# Re: st: hausman and xthausman after panel fe, re - DROPPED MEAN/DIFF

 From Joana Quina To statalist@hsphsun2.harvard.edu Subject Re: st: hausman and xthausman after panel fe, re - DROPPED MEAN/DIFF Date Thu, 25 Aug 2005 09:14:00 +0100

```Dear Vince,

I used your code for the augmented Hausman test, but whenever I
include time-invariant variables (or time dummies interacted with
time-invariant variables), it does note work - Stata drops the mean
for the time-invariant variable (or the diff for the interacted
terms). I notice from Eric's varlist that there seem to be
time-invariant variables (latin/ssa) - is that correct? Any help would
be much appreciated.

Thanks,
Joana

On 23/08/05, Vince Wiggins, StataCorp <vwiggins@stata.com> wrote:
> Carl Nelson <chnelson3@insightbb.com> asks why he gets different results from
> the -hausman- command and the deprecated -xthausman- command.
>
> > This question concerns problem 10.9 in Jeff Wooldridge's book
> > Econometric Analysis of Cross Section and Panel Data. In this
> > exercise, which I gave to some students in a course this summer,
> > using Cornwell.dat students are asked to estimate xtreg, fe and
> > xtreg, re and perform the hausman test.  Using the old xthausman
> > syntax the result is a significant test statistic (approximately 121
> > for a chisquared(11) rv). Using the newer hausman syntax the result
> > is a negative chisquared statistic and warning about violation of
> > assumptions.  I constructed the statistic from the saved results
> > e(b) and e(V) and I got the same result as the newer hausman syntax.
> > [...]
>
> It is rare that -hausman- and -xthausman- produce different statistics, but I
> recommend that Carl believe the results from -hausman- and not -xthausman-.
> The main reason -xthausman- was undocumented (and now works only under version
> control) was that that it could be fooled by non positive definite (PD)
> differenced covariance matrices or by variables with degenerate panel
> behavior.
>
> I posted a rather lengthy discussion of the issues back in March of 2002.
> This post predates some of the statalist archives, so at the risk of being
> long-winded yet again, let me quote from that posting.
>
> ---------------------------------- Begin excerpts --------------------------
>
> Eric Neumayer <E.Neumayer@lse.ac.uk> asks why he is getting different results
> from -xthaus- and -hausman- when testing for fixed vs. random effects after
> estimation with -xtreg-. [...]
>
> I believe there are open questions about Hausman tests in situations like
> Eric's, see the explanation that follows.
>
>
> Preliminaries
> -------------
>
> It is hard to discuss the Hausman test without being specific about how the
> test is performed.  Let B be the parameter estimates from a fully efficient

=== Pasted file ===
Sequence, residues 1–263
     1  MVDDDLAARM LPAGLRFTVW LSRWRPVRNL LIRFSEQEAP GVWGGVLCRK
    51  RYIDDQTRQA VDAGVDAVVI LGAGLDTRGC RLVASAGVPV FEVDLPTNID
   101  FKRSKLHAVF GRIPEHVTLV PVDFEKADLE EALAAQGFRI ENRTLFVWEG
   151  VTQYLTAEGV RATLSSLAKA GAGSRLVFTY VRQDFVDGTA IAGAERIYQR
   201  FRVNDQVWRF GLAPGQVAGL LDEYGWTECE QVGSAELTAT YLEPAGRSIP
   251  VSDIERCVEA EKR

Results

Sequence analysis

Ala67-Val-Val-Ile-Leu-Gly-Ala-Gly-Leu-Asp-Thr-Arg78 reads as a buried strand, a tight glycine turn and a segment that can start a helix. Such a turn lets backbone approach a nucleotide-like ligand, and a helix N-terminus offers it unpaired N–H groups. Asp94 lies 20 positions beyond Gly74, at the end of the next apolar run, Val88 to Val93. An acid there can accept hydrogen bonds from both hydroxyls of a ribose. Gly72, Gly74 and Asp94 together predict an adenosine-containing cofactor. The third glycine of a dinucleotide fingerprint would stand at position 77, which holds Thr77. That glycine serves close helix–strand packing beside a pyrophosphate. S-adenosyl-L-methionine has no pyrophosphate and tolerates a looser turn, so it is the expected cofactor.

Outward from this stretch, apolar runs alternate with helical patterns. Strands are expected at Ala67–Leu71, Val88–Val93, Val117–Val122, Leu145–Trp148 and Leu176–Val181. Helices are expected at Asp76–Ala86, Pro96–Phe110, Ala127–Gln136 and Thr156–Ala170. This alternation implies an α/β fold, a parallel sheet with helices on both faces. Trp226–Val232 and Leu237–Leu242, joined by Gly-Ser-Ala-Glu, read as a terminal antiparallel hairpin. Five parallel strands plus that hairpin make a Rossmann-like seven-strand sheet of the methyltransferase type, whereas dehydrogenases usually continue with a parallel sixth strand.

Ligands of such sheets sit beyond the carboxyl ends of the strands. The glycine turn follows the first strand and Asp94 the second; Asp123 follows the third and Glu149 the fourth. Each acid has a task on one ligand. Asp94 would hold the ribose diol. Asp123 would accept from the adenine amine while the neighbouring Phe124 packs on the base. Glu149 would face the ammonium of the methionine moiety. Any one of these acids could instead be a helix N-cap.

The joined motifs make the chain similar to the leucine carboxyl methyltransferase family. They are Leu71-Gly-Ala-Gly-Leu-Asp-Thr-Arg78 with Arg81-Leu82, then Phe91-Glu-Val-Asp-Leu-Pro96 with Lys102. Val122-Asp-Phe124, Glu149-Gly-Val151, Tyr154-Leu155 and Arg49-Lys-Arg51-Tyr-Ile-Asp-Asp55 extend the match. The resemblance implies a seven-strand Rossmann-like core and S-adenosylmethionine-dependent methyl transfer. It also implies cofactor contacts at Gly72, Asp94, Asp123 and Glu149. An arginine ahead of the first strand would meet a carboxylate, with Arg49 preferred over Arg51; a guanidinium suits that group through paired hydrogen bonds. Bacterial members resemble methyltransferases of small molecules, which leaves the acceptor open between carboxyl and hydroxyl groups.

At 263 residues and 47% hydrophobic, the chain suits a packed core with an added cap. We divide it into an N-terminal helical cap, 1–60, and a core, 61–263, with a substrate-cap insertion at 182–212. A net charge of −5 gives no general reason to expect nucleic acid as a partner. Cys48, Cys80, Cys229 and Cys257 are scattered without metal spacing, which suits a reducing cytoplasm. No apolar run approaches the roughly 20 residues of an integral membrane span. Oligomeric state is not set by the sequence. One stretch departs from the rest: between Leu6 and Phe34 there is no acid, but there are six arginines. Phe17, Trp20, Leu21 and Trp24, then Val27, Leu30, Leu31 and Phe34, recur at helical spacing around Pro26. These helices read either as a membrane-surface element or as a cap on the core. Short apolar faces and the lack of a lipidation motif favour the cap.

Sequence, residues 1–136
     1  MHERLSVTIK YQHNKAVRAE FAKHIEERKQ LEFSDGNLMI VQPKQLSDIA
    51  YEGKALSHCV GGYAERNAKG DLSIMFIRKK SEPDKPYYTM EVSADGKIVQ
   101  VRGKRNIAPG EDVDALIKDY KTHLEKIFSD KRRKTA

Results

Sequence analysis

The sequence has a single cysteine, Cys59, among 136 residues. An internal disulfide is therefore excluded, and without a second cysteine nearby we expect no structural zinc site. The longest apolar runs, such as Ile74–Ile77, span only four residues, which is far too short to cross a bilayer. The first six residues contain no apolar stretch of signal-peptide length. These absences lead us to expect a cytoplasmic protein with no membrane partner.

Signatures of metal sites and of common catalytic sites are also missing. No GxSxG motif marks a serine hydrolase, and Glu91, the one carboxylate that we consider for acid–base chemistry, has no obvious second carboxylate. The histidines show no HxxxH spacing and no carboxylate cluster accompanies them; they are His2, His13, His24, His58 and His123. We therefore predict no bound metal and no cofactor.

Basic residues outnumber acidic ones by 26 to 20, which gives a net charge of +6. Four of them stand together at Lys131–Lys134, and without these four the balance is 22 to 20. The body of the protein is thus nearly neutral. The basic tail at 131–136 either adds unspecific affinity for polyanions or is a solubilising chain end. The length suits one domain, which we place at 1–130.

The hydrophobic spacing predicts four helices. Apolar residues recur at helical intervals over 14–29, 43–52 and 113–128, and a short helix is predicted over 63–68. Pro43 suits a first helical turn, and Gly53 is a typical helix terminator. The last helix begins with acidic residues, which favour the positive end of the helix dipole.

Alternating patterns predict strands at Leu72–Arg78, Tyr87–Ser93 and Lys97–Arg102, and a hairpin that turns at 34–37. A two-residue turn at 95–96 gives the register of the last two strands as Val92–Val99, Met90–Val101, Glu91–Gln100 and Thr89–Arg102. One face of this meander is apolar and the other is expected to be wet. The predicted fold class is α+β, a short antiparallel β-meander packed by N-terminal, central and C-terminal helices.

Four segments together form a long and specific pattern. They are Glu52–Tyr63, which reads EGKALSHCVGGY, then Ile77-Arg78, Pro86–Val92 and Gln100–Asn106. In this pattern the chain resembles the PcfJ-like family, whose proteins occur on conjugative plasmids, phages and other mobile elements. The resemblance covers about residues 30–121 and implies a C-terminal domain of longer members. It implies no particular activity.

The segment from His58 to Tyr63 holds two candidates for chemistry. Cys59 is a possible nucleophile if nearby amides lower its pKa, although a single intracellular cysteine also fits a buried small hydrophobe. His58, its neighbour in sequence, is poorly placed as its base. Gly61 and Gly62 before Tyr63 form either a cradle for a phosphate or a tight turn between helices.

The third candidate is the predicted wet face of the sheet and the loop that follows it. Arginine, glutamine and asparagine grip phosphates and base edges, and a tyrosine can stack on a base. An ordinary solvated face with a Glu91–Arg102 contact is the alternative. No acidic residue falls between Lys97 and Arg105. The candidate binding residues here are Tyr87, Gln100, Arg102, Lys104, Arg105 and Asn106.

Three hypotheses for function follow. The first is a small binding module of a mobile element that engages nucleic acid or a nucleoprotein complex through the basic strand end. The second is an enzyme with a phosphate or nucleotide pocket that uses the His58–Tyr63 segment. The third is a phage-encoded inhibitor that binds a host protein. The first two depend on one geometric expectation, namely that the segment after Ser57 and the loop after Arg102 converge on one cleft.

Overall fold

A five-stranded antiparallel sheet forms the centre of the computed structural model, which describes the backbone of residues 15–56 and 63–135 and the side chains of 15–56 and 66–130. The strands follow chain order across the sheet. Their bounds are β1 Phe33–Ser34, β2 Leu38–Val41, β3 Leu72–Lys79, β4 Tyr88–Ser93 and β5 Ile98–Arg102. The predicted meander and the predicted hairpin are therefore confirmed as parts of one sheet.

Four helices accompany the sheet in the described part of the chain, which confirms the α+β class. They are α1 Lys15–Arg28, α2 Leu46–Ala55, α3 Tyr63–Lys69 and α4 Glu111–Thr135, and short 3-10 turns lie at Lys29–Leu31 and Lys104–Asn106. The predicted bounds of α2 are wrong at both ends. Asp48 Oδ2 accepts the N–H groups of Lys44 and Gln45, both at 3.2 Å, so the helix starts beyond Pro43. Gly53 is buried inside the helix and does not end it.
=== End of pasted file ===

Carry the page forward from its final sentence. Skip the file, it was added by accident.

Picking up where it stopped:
> estimator (random-effects regression in this case) and b be the estimates from
> a less efficient estimator (fixed-effects regression), but one that is
> consistent in the face of one or more violated assumptions, in this case that
> the effects are correlated with one or more of the regressors.  If the
> assumption is violated then we expect that the estimates from the two
> estimators will not be the same, b~=B.
>
> The Hausman test is essentially a Wald test that (b-B)==0 for all coefficients
> where the covariance matrix for b-B is taken as the difference of the
> covariance matrices (VCEs) for b and B.  What is amazing about the test is
> that we can just subtract these two covariance matrices to get an estimate of
> the covariance matrix of (b-B) without even considering that the VCEs of the
> two estimators might be correlated -- they are after all estimated on the same
> data.  We can just subtract, but only because the the VCE of the fully
> efficient estimator is uncorrelated with the VCEs of all other estimators, see
> Hausman and Taylor (1981), "panel data and unobservable individual effects",
> econometrica, 49, 1337-1398).  The VCE of the efficient estimator will also be
> smaller than the less efficient estimator.  Taken together, these results
> imply that the subtraction of the two VCE (V_b-V_B) will be positive definite
> (PD) and that we need not consider the covariance between the two VCEs.
>
> These results, however, hold only asymptotically.  For any given finite sample
> we have no reason to believe that (V_b-V_B) will be PD.  So, it is amazing
> that we can just subtract these two matrices, but the price we pay is that we
> can only do so safely if we have an infinite amount of data.  The Hausman
> test, unlike most tests, relies on asymptotic arguments not only for its
> distribution, but for its ability to be computed!  Let's discuss what we do
> what we do when (V_b-V_B) in not PD in the context of Eric's results.
>
> Aside:  If anyone is interested in a Hausman-like test that drops the
> assumption that either estimator is fully efficient, actually estimates the
> covariance between the VCEs, and can always be computed, see Weesie (2000)
> "Seemingly unrelated est. and cluster-adjusted sandwich estimator", STB
> Reprints Vol 9, pp 231-248.  The test unfortunately requires the scores from
> the estimator, and -xtreg, fe- does not directly produce these.
>
> <Note, a version of -suest- command is now official, but is still unavailable
>  after -xtreg->
>
>
> Of Inverses and Hausman Statistics
> ----------------------------------
>
> The reason that -xthaus- and -hausman- produce different statistics on Eric's